ILLINOIS APPELLATE COURT FIRST DISTRICT (5TH DIVISION) ORDER AFFIRMED.
OPINION FILED DECEMBER 8, 1978.
DANIEL CARR, PLAINTIFF-APPELLANT,
THE CITY OF DES PLAINES ET AL., DEFENDANTS-APPELLEES.
APPEAL from the Circuit Court of Cook County; the Hon. ARTHUR
DUNNE, Judge, presiding.
MR. PRESIDING JUSTICE SULLIVAN DELIVERED THE OPINION OF THE COURT:
Plaintiff appeals from portions of an order of the circuit court affirming the City of Des Plaines Board of Police and Fire Commissioners (Board) sustaining two of the charges brought against plaintiff, one of its policemen. The issue presented is whether their affirmance is against the manifest weight of the evidence.
The relevant testimony is virtually uncontradicted. It appears that the situation giving rise to this case began on June 4, 1976, when Jerry Liggett, a Des Plaines policeman, affixed police tow stickers to four ostensibly abandoned automobiles in the parking lot of the "Deville Annex." The tow sticker notifies the owner that unless the vehicle is removed by a specified date, it will be towed and impounded or disposed of by the city.
During the week following June 4, plaintiff, then a Des Plaines police patrolman who also operated a salvage business, stopped by the Deville Annex and spoke to Richard Deithloff, a wrecking contractor, who had recently begun the demolition of one of the buildings at that site. At this time, three of the four abandoned vehicles remained on the premises a brown 1967 Ford; a 1968 Ford station wagon; and a black and turquoise 1968 Oldsmobile. Plaintiff asked Deithloff what was going to happen to these three automobiles, and Deithloff responded that he had a contract with the owner of the premises which gave him the authority to dispose of all salvageable iron and steel. Plaintiff then asked whether he could remove the vehicles and Deithloff, aware that plaintiff was interested in the vehicles for his personal salvage business and not in connection with any police matter, consented to their removal. Later, plaintiff arrived with a flatbed truck and removed the three vehicles.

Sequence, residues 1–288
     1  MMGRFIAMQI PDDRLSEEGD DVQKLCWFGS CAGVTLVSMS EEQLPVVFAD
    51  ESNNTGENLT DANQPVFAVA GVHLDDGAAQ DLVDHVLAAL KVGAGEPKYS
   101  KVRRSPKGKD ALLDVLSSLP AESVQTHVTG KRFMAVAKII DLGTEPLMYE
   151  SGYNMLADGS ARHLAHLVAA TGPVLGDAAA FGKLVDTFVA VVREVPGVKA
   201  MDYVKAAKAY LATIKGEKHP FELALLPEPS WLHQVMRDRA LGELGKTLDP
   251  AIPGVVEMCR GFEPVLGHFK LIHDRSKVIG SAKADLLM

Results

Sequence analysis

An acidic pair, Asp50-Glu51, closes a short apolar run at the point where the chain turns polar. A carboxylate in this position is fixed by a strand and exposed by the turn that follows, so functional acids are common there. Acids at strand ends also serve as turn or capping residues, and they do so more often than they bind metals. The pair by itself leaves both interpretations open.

Deithloff, called as a witness by the city at the Board hearing, testified that the windshield of the brown 1967 Ford was shattered but on it he saw "an outline of where there used to be something stamped on the windshield" and "the upper left-hand corner of a red sticker." Plaintiff himself also testified on cross-examination that he noticed a police tow sticker attached to the smashed windshield of "one of the Fords."
On June 11, after plaintiff had removed the three automobiles, Officer Bastian of the Des Plaines Police Department was directed to go to the Deville Annex to determine whether the automobiles ticketed by Officer Liggett were still in the parking lot. After he found that the vehicles were missing, the police department conducted an investigation and, in the course thereof, Sergeant Sturlini found plaintiff's flatbed truck parked in another area of the city carrying the 1968 Ford station wagon.
Sturlini testified that he did not notice a tow sticker on the 1968 Ford station wagon but that "a gummed portion was visible; some type of material on the windshield, approximately by the driver's side of the vehicle." Clark testified that a portion of a tow sticker was lying on the floor of the station wagon. The remains of the sticker, which was introduced into evidence, clearly indicated that it was issued on June 4, 1976, by a policeman whose name began with the letters "Lig."
A complaint was brought against plaintiff before the Board, alleging that plaintiff improperly removed the stickered vehicles for his own use without the authority of the owners or police and that such misconduct constituted cause for discharge. After a hearing, the Board agreed and found that plaintiff was guilty of (1) unbecoming conduct, in violation Rule 310.02 of the Des Plaines Police Department, in that he acted in a manner strongly indicative of the commission of a theft; (2) unbecoming conduct, in violation of Rule 310.02, in that he acted in a manner strongly indicative of a commission of an obstruction of justice; and (3) failure to obey laws and ordinances, in violation of Rule 310.04 of the Des Plaines Police Department, in that he failed to observe sections 4-201 and 4-202 of the Illinois Vehicle Code (Ill. Rev. Stat. 1977, ch. 95 1/2, pars. 4-201, 4-202) as well as sections 10-14-2 and 10-14-3 of the Des Plaines City Code (Des Plaines, Ill., Ordinance M-13-70, §§ 10-14-2, 10-14-3 (July 21, 1970)). The Commission accordingly ordered plaintiff discharged.